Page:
In front of the house is a security wall, painted in yellow to match the house color, with four wrought iron gates. Two of them with locks for entering property and the other two are just decorative. Behind the wall is a nice small ‘backyard’ (though, it is in front of the house!). We though Pepe should build a small pool here, because that’s the only thing missing at this place.
Our two bedroom apartment was on the first floor. It was fully furnished with fully equipped kitchen and had most of our requirements. Pepe didn’t disappoint us. He was also promptly responding to every request we had, no matter how small it was. For this we gave him the title of ‘best landlord’ in the world! Just as good was his wife Georgina.
From our balcony we could hear the Pacific surf roll in and from the top floor terrace, that was used by all three couples, we had a 180-degree view of Centro Historico and could see the cruise ships glide in. Every afternoon we’d climb up to the roof with our wine or beer for ‘happy hour’ and watch the sunset then star gaze. We would chit-chat about everything going on around us, lot of times mentioning weather conditions back home in the States and Canada. Waking up, we’d see the sun rise over the well-known nearby cathedral (Basilica de la Immaculada Concepcion).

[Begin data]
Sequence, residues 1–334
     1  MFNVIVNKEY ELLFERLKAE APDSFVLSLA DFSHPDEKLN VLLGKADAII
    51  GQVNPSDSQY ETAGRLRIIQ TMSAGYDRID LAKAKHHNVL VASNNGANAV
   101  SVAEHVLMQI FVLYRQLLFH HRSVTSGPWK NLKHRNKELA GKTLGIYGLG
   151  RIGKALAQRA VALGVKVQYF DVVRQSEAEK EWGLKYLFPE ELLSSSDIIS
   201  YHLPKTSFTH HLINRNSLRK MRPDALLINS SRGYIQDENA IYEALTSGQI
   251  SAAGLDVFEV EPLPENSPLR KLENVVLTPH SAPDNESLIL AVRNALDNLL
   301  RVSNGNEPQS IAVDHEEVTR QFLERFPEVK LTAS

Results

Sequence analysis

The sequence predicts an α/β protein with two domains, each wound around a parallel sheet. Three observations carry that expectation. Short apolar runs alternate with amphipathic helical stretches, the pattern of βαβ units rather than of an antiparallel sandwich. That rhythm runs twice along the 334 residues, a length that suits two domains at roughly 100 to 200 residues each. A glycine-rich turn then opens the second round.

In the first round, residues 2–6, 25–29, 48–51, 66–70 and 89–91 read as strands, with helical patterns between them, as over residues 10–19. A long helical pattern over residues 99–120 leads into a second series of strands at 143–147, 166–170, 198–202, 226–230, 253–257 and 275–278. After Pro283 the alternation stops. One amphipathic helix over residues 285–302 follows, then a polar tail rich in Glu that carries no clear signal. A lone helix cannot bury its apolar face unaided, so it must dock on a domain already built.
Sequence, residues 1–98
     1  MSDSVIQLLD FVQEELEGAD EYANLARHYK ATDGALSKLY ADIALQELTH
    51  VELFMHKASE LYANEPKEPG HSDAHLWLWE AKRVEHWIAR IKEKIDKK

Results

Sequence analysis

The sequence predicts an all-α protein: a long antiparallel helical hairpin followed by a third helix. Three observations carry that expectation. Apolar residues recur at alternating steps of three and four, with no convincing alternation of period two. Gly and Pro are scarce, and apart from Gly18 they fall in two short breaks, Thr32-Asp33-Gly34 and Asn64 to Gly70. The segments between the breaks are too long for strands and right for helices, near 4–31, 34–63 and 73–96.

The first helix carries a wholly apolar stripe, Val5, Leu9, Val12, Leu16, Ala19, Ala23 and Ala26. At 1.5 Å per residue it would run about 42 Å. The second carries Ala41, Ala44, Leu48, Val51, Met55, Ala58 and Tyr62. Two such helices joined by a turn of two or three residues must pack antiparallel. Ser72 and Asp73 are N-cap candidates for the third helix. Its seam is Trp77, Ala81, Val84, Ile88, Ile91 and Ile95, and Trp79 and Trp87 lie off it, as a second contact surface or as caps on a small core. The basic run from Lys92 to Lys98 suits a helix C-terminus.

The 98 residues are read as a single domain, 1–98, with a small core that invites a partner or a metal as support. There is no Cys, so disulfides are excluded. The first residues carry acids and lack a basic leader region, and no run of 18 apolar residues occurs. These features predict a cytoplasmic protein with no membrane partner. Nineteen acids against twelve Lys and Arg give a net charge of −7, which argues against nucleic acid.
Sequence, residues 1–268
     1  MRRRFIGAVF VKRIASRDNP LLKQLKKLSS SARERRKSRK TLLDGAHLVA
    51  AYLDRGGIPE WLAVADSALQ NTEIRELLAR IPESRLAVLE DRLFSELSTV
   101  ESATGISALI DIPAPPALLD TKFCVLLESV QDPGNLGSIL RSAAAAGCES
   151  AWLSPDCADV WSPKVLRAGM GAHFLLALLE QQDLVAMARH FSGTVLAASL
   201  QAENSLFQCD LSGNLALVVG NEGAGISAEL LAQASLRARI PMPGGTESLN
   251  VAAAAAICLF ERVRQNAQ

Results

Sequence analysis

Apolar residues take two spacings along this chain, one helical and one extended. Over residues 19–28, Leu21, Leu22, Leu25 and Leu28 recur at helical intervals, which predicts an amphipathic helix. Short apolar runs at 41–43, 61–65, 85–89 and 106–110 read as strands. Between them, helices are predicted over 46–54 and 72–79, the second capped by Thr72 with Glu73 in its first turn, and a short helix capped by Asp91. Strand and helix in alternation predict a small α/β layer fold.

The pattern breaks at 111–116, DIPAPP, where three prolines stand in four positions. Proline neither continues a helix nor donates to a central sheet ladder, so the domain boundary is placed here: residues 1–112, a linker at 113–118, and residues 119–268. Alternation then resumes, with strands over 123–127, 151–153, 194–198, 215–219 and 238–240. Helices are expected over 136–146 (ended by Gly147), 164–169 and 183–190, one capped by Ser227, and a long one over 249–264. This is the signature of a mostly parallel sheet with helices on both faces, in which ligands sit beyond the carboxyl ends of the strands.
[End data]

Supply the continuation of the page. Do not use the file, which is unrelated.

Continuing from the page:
Pepe’s place is also only a 10-minute stroll from Centro Historico’s Plaza Machado (5 blocks), lined with incredible restaurants that host nightly live music and are adjacent to a variety of small shops and juice bars with its restaurants, live entertainment, art galleries and historic Angela Peralta Theater. It’s nowhere near the majority of the hotels in ‘Zona Dorada’ or tourist zone, meaning it’s a much quieter, more genuine part of Mazatlán. We could see the Olas Altas beach from our balcony and always enjoyed watching the cruise ships glide in and out.
I won’t dwell on the deficits (there were some), but the assets were the location, good view and security.
Mazatlán is the Pearl of the Pacific, where the average temperature hovers around 82°F/28°C; the sun shines every day, and outdoors is the place to be. The activities this city has to offer will appeal to everyone. Here on the Sea of Cortéz, Mazatlán’s coastline beckons you to stroll along its numerous beaches, or its 10 kms of Malecón—seawall, or to hike to El Faro lighthouse, the second highest natural lighthouse in the world.
Places to stay in Old Town
Places to stay in Old Town are proliferating, but at the same time the old Town Mazatlán has lively pulls. The Melville is centrally located a block and a half from the Plaza Machado. It is a classic structure built in the 1870s by Germans for commercial use. In those days Mazatlán was a bustling port town that was the last stop before San Francisco for Italian, German and Irish immigrants leaving New York for the gold rush. Once the gold petered out, many came to the realization that the weather was better in Mazatlán, at least in winter time.